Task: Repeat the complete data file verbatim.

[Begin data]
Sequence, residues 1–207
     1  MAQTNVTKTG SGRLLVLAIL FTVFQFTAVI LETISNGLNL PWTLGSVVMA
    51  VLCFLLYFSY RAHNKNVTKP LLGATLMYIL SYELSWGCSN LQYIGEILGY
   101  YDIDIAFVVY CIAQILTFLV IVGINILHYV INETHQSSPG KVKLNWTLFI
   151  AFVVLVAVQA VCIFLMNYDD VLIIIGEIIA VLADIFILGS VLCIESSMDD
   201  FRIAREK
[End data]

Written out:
Sequence, residues 1–207
     1  MAQTNVTKTG SGRLLVLAIL FTVFQFTAVI LETISNGLNL PWTLGSVVMA
    51  VLCFLLYFSY RAHNKNVTKP LLGATLMYIL SYELSWGCSN LQYIGEILGY
   101  YDIDIAFVVY CIAQILTFLV IVGINILHYV INETHQSSPG KVKLNWTLFI
   151  AFVVLVAVQA VCIFLMNYDD VLIIIGEIIA VLADIFILGS VLCIESSMDD
   201  FRIAREK